Zero Dark Thirty


Written by Alex Marx
28 Monday 28th January 2013

The picture opens like a documentary. A black screen announces the date - September 11th 2001 – accompanied by a harrowing audio collage of phone messages and conversations recorded on that day. Throughout the film, specific dates and locations are used as a way of grounding the narrative in historical fact. The film purports to tell us the story as it actually happened, but because it is essentially a fiction film, albeit “based on real events”, this documentary sensibility - the use of title cards, the shaky camera work - can feel a little bit uncomfortable at times.

The story is told predominantly through the impossibly beautiful eyes of Maya, an intelligence analyst, played with aplomb by Jessica Chastain. A lone wolf on a mission; she has no history, no friends or family, no plans for the future beyond the completion of the mission.

In the first scene, Maya, upon arrival at Guantanamo Bay, is visibly upset by the brutality used by her colleague, Dan (Jason Clarke), in interrogating a detainee (Reda Kateb). However, very quickly she becomes immune to what she is watching, even participating in the torture herself. So far, so what? Why the controversy? We all know the CIA used, “enhanced interrogation” techniques, and there are more graphic tortures scenes in Slumdog Millionaire. I suspect the difference lies in the impassive tone with which the torture is rendered; the moral ambiguity of it all.

In an open letter to the LA Times, Bigelow wrote, "Those of us who work in the arts know that depiction is not endorsement. If it was, no artist would be able to paint inhumane practices, no author could write about them, and no filmmaker could delve into the thorny subjects of our time."

The debate rages around whether the film condones, criticises, or normalises the practice of torture. Are we supposed to become comfortable with the idea, just as Maya does, because it ultimately leads to the good guys getting their man? Does torture ever actually lead to actionable intelligence and, if so, does the end justify the means? Significantly, it is only later in the film, when Dan and Maya sit across from their prisoner at a table, giving him food and cigarettes, that he offers them a potential lead - the name of a courier, who may, or may not, be close to Bin Laden.

This is where the material starts to feel very familiar, the film turning into an extended episode of Homeland, Season Two. Against the advice of her superiors, Maya faces down suicide bombers and dead ends, until she eventually pieces the puzzle together, leading her, and the CIA, to a high-security compound in Abottabad, Pakistan. The problem with this portion of the film is that Maya, unlike Homeland’s Carrie, is not crazy. And, since she is the lead, and we all know that Bin Laden gets killed in the end, we are never in any doubt as to the correctness of her theories. As such, a film that is, at least in part, a political thriller, has too little tension and no real and present danger.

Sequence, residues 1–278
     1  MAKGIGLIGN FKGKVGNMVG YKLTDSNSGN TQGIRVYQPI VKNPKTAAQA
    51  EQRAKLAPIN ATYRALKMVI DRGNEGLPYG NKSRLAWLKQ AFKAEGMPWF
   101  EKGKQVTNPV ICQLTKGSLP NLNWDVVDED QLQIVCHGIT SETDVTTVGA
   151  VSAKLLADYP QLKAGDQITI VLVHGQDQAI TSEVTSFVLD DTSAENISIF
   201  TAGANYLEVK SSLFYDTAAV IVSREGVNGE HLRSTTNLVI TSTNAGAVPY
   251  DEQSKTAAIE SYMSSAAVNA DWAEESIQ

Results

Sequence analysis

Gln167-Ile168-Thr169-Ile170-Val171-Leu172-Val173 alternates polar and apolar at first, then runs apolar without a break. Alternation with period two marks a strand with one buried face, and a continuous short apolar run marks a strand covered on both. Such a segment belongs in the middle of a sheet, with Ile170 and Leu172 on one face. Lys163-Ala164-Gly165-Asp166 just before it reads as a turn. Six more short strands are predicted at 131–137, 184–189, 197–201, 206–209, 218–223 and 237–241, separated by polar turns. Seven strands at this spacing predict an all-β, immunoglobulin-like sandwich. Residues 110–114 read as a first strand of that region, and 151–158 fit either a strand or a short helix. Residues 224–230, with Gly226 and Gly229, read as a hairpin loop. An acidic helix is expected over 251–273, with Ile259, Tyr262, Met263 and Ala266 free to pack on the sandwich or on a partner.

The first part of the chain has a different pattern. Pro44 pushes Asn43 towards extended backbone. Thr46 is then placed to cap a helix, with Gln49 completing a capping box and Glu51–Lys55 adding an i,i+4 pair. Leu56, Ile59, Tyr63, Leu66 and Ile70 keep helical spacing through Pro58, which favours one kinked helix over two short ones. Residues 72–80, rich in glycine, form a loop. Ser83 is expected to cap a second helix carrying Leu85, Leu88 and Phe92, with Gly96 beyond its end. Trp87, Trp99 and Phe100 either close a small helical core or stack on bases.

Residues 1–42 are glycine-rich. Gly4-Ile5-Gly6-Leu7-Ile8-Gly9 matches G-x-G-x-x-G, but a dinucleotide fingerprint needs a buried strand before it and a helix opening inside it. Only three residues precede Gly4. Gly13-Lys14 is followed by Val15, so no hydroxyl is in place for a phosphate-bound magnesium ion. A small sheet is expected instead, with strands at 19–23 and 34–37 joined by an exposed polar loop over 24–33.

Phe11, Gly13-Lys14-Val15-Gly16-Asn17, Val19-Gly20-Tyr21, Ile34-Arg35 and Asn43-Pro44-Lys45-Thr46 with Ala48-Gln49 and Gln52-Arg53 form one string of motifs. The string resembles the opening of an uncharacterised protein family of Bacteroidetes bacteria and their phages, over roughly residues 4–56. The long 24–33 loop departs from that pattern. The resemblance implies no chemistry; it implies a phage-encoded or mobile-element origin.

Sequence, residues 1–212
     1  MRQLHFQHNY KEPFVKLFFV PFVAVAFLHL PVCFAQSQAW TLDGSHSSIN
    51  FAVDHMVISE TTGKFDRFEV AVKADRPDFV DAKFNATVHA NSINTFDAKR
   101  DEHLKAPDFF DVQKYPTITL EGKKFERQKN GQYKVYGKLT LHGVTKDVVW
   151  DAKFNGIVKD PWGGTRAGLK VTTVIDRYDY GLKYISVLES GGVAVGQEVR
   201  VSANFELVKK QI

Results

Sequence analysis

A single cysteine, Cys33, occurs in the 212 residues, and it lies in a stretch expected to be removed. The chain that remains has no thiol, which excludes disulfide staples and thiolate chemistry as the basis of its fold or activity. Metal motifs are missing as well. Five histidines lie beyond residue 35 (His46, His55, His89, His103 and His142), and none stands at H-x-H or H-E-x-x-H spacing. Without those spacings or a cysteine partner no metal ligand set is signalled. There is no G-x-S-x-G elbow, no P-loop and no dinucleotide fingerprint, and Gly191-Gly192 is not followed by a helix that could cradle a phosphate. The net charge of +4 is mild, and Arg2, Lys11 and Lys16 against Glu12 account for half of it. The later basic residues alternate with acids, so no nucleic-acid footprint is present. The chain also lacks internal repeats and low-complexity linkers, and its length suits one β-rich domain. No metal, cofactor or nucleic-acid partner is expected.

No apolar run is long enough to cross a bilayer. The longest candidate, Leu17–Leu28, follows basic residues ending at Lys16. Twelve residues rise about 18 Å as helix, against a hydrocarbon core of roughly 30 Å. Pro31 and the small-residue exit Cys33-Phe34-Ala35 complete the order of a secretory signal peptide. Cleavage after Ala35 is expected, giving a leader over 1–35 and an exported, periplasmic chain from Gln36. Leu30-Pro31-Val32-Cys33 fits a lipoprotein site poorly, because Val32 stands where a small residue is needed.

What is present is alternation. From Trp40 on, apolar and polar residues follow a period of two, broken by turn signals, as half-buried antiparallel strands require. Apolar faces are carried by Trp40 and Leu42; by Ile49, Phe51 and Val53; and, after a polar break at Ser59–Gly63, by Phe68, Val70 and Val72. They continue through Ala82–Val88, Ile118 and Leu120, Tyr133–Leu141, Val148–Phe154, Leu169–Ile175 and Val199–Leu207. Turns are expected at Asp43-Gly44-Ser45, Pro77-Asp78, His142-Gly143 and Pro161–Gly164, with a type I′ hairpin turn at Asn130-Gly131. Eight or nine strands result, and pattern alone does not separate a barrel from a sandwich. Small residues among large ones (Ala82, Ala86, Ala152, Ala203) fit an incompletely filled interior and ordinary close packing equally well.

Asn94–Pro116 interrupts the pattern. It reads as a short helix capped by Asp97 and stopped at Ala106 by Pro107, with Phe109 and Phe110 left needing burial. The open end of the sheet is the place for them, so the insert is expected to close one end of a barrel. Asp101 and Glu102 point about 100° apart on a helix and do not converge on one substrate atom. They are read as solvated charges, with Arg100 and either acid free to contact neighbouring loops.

Arguably, the most important scene in the film is one in which three CIA officers watch a television news report. Onscreen, Barack Obama asserts that, “America doesn’t torture”, as part of an effort to, “regain America’s moral stature in the world.” Maya and her colleagues greet this announcement with a blank silence, a reactional void in which the audience is invited to drop their own authentic response. Bigelow is not telling us what to think, she is merely asking questions of her audience, and I am sure that she is satisfied with the level of reaction and debate that the film has already provoked.

The climactic sequence, the top-secret mission in Pakistan, is incredibly shot, much of it simulating the giddy, green light of night-vision goggles. The direction here is flawless, at once epic and intimate – Bigelow has a certain knack for imbuing action set pieces with a deep humanity. The choice to show the terror inflicted on the Bin Laden children for example, the lingering shot of Bin Laden’s blood soaked floor, certainly opens up the eternal questions relating to the political practice of “an eye for an eye”.

Ultimately, film truth is never the whole truth. As Hitchcock famously said, “Drama is life with the dull bits cut out,” and so too is documentary. So, this fictionalised account of real life inside the war on terror, woven in with the historical facts surrounding Bin Laden’s death, lead to a confusing and morally ambivalent conclusion. This may be the intention, but it makes for a strange film that can be read any number of ways, and does not give us the satisfaction of a full dramatic catharsis when Bin Laden’s death finally does come. When the lights came up I left the film feeling numb, and caught myself on my way home idly hoping that the third season of Homeland will be as good as the first.

Zero Dark Thirty is in cinemas now

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